Many of the non Ashkenazi Jews I know are not as Zionist as the European ones and when they come to America they are not so much against Israel as they come to America to survive and make a buck to bring back home... what is more many really don't want to go back to the army. It isn't so much that they don't support Israel, they do and they support it strongly, but they might not want to become career soldiers and coming to America is their chance at opportunity. If anything the born American European Jews have a home here and are more apt to become politically involved. I come from this background for instance and it was assumed that my political allegiance was to the left, but that was just the stereotype that people like Yglesias push. It is hard for Jews now to not support Israel, since the U.N. Goldstone Report was proven to be a fraud. there are Sephardic Jews like my father's family who were here for hundreds of years before the Eastern European Jews started showing up. Those Sephards were loyal to George Washington, Israel did not yet exist. Jews such as Harmon Hendricks and Washington's friend Rabbi Sextius. Other Sephardic Jews in my family would be Emma Lazarus, the poet and activist for both women's issues and other social ills of the era. She also was a staunch Zionist. Lazarus was the fourth of seven children of Moshe Lazarus and Esther Nathan, Portuguese Sephardic Jews whose families had been settled in New York since the colonial period. She was related through her mother to Benjamin N. Cardozo, Associate Justice of the US Supreme Court. Her writings attracted the attention of Ralph Waldo Emerson. He corresponded with her until his death. She argued for the creation of a Jewish homeland thirteen years before Theodor Herzl began to use the term Zionism. In the winter of 1882, multitudes of destitute Ashkenazi Jews emigrated from the Russian Pale of Settlement to New York; Lazarus taught technical education to help them become self-supporting. Her most famous work is "The New Colossus", which is inscribed on the pedestal of the Statue of Liberty.
Wondering why most Israelis don't think like him anymore, Matt Yglesias claims that Israel is afflicted with 'post-Jewish Zionism.'
The existence of Christian Zionists is, of course, not new. But what is new is that Israeli politics has drifted toward the hawkish right over the past ten years even as Jewish Americans remain on the progressive left. That change in Israeli politics, meanwhile, has been in part driven by a demographic shift away from the kind of secular ashkenazi Jews who predominate in the American population. At the same time, Christian Zionist sentiment has boomed in America and the Palestinian cause has never been less popular among America’s overwhelmingly non-Jewish population.But look at whom he is defining as 'post-Jewish.'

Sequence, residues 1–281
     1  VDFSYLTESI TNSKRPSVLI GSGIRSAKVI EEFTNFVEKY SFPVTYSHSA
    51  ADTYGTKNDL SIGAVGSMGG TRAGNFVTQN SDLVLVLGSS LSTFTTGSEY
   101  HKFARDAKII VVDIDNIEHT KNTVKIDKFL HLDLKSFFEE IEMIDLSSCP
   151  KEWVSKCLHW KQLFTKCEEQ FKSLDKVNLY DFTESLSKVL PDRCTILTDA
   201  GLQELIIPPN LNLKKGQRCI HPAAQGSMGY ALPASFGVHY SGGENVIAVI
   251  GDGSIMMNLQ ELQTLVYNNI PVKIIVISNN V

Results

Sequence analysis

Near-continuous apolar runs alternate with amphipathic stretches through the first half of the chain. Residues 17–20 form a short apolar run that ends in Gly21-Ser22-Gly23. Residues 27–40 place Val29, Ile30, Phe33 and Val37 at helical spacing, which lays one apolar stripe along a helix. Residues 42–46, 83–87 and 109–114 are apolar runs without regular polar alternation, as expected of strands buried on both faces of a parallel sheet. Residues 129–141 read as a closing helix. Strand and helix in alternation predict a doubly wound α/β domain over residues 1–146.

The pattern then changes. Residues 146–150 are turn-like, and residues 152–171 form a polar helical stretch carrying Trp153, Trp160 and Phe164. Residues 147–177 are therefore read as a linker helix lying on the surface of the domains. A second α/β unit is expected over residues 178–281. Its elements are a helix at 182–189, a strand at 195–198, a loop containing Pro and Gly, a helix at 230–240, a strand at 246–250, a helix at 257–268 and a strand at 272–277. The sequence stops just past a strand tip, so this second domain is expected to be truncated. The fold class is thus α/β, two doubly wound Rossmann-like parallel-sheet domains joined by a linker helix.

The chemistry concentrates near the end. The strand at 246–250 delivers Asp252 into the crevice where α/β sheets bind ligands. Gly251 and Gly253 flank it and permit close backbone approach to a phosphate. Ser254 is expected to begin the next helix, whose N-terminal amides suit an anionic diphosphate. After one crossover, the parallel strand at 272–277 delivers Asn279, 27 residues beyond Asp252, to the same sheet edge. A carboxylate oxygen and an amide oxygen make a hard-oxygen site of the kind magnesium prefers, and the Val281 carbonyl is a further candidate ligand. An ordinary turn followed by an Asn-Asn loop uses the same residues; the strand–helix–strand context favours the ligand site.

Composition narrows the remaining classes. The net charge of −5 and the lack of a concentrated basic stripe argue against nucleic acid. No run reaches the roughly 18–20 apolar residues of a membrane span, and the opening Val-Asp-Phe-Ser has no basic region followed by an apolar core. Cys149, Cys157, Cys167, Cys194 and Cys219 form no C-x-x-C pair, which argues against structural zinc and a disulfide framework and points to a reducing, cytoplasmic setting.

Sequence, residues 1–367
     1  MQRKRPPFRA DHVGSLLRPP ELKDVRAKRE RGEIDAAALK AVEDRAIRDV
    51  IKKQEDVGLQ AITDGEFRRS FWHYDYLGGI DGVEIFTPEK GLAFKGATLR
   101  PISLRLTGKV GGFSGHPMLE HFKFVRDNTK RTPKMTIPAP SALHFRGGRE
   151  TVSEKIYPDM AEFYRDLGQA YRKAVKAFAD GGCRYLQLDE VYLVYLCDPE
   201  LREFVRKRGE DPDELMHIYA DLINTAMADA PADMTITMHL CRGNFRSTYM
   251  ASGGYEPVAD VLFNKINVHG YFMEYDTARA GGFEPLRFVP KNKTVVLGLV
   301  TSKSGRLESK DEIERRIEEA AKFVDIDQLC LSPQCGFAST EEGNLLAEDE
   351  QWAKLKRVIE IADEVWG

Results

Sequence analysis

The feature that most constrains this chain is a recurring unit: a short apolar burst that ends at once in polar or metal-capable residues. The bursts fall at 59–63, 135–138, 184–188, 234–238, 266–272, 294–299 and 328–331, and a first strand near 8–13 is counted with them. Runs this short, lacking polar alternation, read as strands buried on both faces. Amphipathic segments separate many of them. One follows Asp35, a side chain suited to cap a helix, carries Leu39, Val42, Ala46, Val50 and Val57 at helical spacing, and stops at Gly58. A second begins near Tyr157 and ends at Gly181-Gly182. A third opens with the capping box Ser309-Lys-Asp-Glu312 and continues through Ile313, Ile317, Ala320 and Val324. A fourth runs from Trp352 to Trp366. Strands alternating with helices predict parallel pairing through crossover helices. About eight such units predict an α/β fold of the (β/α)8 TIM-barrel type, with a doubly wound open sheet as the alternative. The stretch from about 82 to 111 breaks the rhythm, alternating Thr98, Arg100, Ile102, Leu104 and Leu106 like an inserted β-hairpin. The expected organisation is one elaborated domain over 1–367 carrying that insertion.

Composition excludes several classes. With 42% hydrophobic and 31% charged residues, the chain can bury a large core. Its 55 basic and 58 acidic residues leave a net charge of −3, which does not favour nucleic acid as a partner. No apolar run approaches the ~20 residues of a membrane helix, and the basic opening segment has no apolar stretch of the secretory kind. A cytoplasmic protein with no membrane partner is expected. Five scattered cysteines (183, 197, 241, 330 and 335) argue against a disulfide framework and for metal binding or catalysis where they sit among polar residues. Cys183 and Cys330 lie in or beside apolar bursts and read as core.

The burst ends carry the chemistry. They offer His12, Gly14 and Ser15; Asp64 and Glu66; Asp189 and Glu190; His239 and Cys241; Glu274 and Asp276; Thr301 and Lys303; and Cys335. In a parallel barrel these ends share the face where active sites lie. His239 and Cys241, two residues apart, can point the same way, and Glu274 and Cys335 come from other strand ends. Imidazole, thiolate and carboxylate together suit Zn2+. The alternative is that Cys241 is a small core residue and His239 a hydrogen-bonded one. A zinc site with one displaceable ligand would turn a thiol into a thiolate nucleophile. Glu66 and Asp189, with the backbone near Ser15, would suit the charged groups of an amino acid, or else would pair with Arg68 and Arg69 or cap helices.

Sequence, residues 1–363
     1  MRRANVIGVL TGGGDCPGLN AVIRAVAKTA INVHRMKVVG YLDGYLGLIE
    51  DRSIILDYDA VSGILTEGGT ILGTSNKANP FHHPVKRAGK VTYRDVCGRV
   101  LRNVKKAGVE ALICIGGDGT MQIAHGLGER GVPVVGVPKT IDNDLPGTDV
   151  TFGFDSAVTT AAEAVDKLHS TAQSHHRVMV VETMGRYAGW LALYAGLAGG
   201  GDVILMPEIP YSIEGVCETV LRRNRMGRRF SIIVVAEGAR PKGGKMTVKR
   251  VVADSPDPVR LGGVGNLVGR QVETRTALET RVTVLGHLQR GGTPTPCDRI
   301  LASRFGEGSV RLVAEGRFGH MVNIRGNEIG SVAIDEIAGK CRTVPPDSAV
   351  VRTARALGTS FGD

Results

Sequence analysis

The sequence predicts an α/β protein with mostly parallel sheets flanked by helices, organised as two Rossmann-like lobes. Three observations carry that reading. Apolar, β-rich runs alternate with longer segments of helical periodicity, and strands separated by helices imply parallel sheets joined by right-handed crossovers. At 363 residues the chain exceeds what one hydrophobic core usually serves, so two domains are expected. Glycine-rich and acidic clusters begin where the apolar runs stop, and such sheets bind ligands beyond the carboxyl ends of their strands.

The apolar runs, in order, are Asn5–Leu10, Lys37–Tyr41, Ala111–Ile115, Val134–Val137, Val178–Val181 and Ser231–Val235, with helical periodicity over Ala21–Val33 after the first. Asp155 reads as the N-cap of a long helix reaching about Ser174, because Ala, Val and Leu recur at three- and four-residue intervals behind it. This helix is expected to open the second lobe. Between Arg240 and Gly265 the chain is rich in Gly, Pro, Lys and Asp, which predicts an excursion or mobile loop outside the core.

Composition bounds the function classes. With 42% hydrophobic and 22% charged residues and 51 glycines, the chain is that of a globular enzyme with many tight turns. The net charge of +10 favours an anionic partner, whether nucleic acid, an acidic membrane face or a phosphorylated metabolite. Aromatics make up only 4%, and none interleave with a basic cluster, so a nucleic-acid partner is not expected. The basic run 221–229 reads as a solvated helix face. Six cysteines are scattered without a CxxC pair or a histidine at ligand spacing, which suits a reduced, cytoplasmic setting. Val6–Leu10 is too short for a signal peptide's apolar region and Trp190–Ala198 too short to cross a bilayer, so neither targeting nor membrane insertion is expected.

This is all part of what I’ve called the trend toward post-Jewish Zionism. That’s not to say that there are no Jewish Zionists in the United States (or Canada, etc.) but merely to observe that Jews as such are decreasingly relevant to the politics of Israel. In Europe, too, we’re seeing a boom of far-right parties (True Finns, Geert Wilders’ Freedom Party, the Danish People’s Party) with strong pro-Israel stands.
Daniel Levy's article on Israeli demographics is also relevant to this. If you're a typical Jewish American, this is quite literally not your father's Israel. The Palestinian, Haredi, "national Orthodox," and Russian immigrant shares of the population have all grown substantially.While it's true that the Haredi, national Orthodox (by which I assume he means National Religious) and Russian immigrant (by the way, most of whom are not religious and many of whom are not Jewish at all) populations have grown, that does not explain why Israelis have become what Yglesias calls 'hawkish right,' nor does it explain why fewer and fewer Israelis are sympathetic to the 'Palestinian' cause.
The Likud gets very few Haredi votes and probably not a whole lot of National Religious votes or Russian immigrant votes either. What's driven Israel to the right is not changing demographics but changing perceptions of the possibility of peace (without scare quotes) with the 'Palestinians.' Most Israelis have realized the truth over the last 6-11 years (look up those dates): That it's not peace or a state that the 'Palestinians' want. It's that they want to destroy the Jewish state. We won't roll over and play dead for them.
Some people would call that kind of shift democracy.
And by the way, those Haredim and National Religious Jews are more Jewish (in practice) than Yglesias will ever be. I would definitely not call them 'post Jewish.' That's absurd.
Matt Yglesias, at Think Progress, writes about the Daily Caller op-ed in which Rep. Joe Walsh (R-Gevalt) castigates American Jews for not being his kind of American Jew. (Next up: Joe Walsh wishes wimmin were still ladies!)
I won't pile more on Walsh -- it seems gratuitous at this stage -- but Yglesias seems to have contracted Walsh's unseemly "they're all alike" affect in this passage:
Israeli politics has drifted toward the hawkish right over the past ten years even as Jewish Americans remain on the progressive left. That change in Israeli politics, meanwhile, has been in part driven by a demographic shift away from the kind of secular ashkenazi Jews who predominate in the American population.Say what? Ashkenazim have a genetic predisposition toward liberal democracy?
Let me put it this way: Vus?